Žarko Paić ; Faculty of Textile generic cialis online usa Technology, University of Zagreb, Zagreb, Croatia Fulltext: pdf (146 KB), Croatian, Pages 20 – 47
Abstracts The article critically analyses the political thinking of the late Derrida. The basic assumption is that after the end of the idea of http://genericcialis-cheaprxstore.com/ sovereignty of the nationstate we should create a new thinking that will no longer be derrived from the metaphysical context within which the policy of the new technology can be useful. End of the subject in globalization politics requires deconstruction of all concepts of modern politics: state, cialis user reviews society, law, morality. Political thinking in contrast to political philosophy and theory of politics has no “foundation” in present reality. Derrida and many other distinctive thinkers of upcoming community try to operate with the idea that the political can be reduced to any, even secularized, transcendental signifier. What would be able to connect with real political uncanny is comprehended in the provision of action (praxis). It requires a theoretical way of performativity in the event that cannot happen without cialis 10mg how long does it last a decision on the change of reality in a historical-epochal constellation of power and strength. The problem of Derrida’s thinking of the political arises from the idea of upcoming democracy: it necessarily has some remnant of theological contents and messianic forms without Messiah and without God in the age of radical depoliticization of society and culture. In this respect, its focus on unconditional hospitality cialis is there a generic and unconditional friendship has some surplus of non-political acts and ethics, rather than fragments of real politics.
Keywords Upcoming Community; Political Deconstruction; Sovereignty; Democracy; Derrida
Davor Rodin ; Faculty of Political Science, University of Zagreb, Zagreb, Croatia Fulltext: pdf (101 KB), Croatian, Pages 7 – 19
Abstracts In interpreting current social and political processes, one should recognize new and mutually different political and democratic forces, which should offer an alternative to trends which had generated the crisis. Since totalitarian regimes such as fascism and communism (and even neoliberalism) did not solve the crisis of capitalism in the past, writers like Habermas, Searle, Luhmann, Wolin, Vesting and others do not consider them as potential solutions for the contemporary crisis. The solutions are not being sought within the framework of universalisation of particular interests either. Even less they look for a solution within some universal virtue that would represent all other virtues. On the contrary – the contemporary theory recognizes that humanity in its lifeworld operates within different media and that the unified lifeworld is represented in different, incommensurable media, so the new theory attempts to create a modus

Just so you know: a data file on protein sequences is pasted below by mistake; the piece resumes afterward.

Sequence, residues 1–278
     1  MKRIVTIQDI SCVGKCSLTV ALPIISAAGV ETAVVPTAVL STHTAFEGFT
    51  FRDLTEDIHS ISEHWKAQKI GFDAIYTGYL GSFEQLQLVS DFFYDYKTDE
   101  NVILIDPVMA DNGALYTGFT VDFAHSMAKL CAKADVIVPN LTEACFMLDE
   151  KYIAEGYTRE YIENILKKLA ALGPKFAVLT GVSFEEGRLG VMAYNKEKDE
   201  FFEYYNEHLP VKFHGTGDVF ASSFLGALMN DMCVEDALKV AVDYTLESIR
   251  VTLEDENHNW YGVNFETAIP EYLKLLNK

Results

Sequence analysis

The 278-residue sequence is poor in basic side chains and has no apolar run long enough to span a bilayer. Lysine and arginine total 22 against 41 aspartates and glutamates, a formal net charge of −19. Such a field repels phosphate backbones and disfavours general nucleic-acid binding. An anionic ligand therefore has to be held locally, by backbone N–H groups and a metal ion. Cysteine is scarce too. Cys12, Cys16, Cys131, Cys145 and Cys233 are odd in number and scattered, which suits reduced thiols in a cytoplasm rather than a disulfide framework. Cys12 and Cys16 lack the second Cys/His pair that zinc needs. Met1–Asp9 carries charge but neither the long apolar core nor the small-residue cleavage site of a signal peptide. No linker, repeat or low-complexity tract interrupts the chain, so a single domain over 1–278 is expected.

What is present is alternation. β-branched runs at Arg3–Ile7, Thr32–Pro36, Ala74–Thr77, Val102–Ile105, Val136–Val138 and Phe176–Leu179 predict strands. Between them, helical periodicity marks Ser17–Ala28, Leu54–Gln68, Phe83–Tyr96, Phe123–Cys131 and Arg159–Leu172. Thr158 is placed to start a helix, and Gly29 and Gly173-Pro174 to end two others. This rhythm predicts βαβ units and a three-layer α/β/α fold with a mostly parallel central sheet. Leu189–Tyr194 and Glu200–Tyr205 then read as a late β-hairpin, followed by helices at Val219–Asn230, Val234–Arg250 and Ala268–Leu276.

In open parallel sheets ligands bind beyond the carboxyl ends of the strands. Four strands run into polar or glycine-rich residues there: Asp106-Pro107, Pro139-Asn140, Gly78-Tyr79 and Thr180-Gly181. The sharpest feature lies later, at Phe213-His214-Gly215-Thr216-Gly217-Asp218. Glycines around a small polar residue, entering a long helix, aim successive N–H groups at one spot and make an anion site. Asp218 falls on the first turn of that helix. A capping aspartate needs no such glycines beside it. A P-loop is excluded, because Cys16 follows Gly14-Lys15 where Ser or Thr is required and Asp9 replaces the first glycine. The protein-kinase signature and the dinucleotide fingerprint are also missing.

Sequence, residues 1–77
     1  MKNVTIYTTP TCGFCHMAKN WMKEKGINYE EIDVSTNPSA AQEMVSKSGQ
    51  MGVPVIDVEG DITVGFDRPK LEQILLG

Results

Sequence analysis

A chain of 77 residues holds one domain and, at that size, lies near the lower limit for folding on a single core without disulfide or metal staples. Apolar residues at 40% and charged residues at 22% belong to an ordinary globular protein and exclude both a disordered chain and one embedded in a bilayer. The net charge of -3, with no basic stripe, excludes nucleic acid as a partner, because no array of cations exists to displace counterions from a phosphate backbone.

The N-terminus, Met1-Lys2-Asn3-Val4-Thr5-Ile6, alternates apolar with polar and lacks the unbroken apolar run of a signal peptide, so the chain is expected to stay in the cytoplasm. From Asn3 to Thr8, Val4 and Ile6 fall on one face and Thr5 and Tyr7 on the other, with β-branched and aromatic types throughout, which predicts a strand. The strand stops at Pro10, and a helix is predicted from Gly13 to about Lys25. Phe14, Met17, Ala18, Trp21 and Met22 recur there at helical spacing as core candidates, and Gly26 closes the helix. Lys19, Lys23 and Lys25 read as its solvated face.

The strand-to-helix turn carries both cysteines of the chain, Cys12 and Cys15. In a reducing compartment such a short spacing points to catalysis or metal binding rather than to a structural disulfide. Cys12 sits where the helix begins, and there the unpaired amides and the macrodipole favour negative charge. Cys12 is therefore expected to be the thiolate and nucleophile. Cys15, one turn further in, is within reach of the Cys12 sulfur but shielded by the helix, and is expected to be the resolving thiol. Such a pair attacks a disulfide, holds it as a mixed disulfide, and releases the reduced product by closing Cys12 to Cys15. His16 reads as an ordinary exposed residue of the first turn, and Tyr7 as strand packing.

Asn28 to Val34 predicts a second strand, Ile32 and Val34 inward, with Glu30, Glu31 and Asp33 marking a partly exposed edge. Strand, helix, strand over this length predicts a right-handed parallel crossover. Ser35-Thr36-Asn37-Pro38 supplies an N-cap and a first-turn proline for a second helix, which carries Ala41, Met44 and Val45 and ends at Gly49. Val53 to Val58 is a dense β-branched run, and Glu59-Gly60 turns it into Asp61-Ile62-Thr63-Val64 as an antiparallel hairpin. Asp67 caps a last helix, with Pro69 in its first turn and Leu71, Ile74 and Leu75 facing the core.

vivendi among various representations of the world, not one single unitary interpretation. Contemporary theories are interested in the issue of coexistence between incommensurable differences, and thus they ask: how to preserve pluralism of social life. This process remains open. On the other hand, any idea of a single solution within a single unified medium leads to renewal of totalitarianisms, or even a world war, a new Holocaust or a new Hiroshima.
Keywords Political Reality; Capitalism; Money; Neoliberalism; Monetarism
Dejan Jović ; Faculty of Political Science, University of Zagreb, Zagreb, Croatia
Puni tekst: pdf (157 KB), Hrvatski, Str. 7 – 36
As Croatia prepares for membership in the EU (most likely in 2013), its foreign
policy is in a need of re-conceptualisation. In the first 20 years of its
independence (declared in 1991), Croatian foreign policy has been through
three different phases. Each of them was focused on one single objective. The
three objectives that have marked three distinguished phases of Croatian foreign
policy were: 1) international recognition of its statehood; 2) territorial
re-integration and 3) membership in NATO and the EU. When (and if) it joins
the EU, the country will have to change its single-objective based foreign
policy for a multiple-objectives foreign policy approach. It will have to take
into consideration a whole set of new issues, some of which will be global in
character. In addition, it will need to harmonise its own priorities with those
of other EU member-states. The article focuses on options that are available
to foreign-policy decision-makers when they wish to re-orientate the foreign
policy of a country. In particular, the author looks at the options available to
small states and small powers. The outcome of the process will be influenced
by the size and ambitions of the country, as well as by internal political and
ideological dynamics in Croatian politics, which would need to become better
harmonised with political trends in the EU. The author approaches foreign
policy decision-making as a dynamic process in which ideas and values matter.
For that reason, he focuses not only on interaction between states but also
interaction between three main party families within the European context: 1)
Liberals, 2) Conservatives and 3) Socialists. In particular, he looks at the differences
they have on two main issues for the future of the EU: 1) further enlargement
of the EU and 2) global ambitions of the EU. The article is drawing
on contemporary literature on foreign policy of small states and small powers.
It argues that Croatia needs more strategic thinking in order to make best use
of new opportunities.
Croatian foreign policy; small countries; small powers; European Union; theories of international relations